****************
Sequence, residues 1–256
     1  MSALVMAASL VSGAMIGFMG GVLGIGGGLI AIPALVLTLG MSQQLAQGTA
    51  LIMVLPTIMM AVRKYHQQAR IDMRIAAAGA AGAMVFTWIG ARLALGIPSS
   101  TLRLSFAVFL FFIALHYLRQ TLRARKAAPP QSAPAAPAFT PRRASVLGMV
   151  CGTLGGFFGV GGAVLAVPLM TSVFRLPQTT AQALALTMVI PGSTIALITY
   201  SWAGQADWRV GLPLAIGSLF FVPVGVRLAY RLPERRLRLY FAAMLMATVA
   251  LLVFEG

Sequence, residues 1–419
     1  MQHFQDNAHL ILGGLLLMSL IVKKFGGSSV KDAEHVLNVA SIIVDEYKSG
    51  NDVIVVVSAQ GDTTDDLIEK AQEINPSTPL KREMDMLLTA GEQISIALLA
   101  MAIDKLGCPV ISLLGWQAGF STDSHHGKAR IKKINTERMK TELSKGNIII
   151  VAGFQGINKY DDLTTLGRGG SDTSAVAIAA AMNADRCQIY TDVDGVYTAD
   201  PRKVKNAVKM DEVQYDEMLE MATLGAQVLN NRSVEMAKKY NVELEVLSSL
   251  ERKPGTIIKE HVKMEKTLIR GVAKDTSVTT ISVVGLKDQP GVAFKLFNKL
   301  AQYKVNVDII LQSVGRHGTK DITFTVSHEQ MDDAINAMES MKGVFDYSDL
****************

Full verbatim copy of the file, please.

Sequence, residues 1–256
     1  MSALVMAASL VSGAMIGFMG GVLGIGGGLI AIPALVLTLG MSQQLAQGTA
    51  LIMVLPTIMM AVRKYHQQAR IDMRIAAAGA AGAMVFTWIG ARLALGIPSS
   101  TLRLSFAVFL FFIALHYLRQ TLRARKAAPP QSAPAAPAFT PRRASVLGMV
   151  CGTLGGFFGV GGAVLAVPLM TSVFRLPQTT AQALALTMVI PGSTIALITY
   201  SWAGQADWRV GLPLAIGSLF FVPVGVRLAY RLPERRLRLY FAAMLMATVA
   251  LLVFEG

Sequence, residues 1–419
     1  MQHFQDNAHL ILGGLLLMSL IVKKFGGSSV KDAEHVLNVA SIIVDEYKSG
    51  NDVIVVVSAQ GDTTDDLIEK AQEINPSTPL KREMDMLLTA GEQISIALLA
   101  MAIDKLGCPV ISLLGWQAGF STDSHHGKAR IKKINTERMK TELSKGNIII
   151  VAGFQGINKY DDLTTLGRGG SDTSAVAIAA AMNADRCQIY TDVDGVYTAD
   201  PRKVKNAVKM DEVQYDEMLE MATLGAQVLN NRSVEMAKKY NVELEVLSSL
   251  ERKPGTIIKE HVKMEKTLIR GVAKDTSVTT ISVVGLKDQP GVAFKLFNKL
   301  AQYKVNVDII LQSVGRHGTK DITFTVSHEQ MDDAINAMES MKGVFDYSDL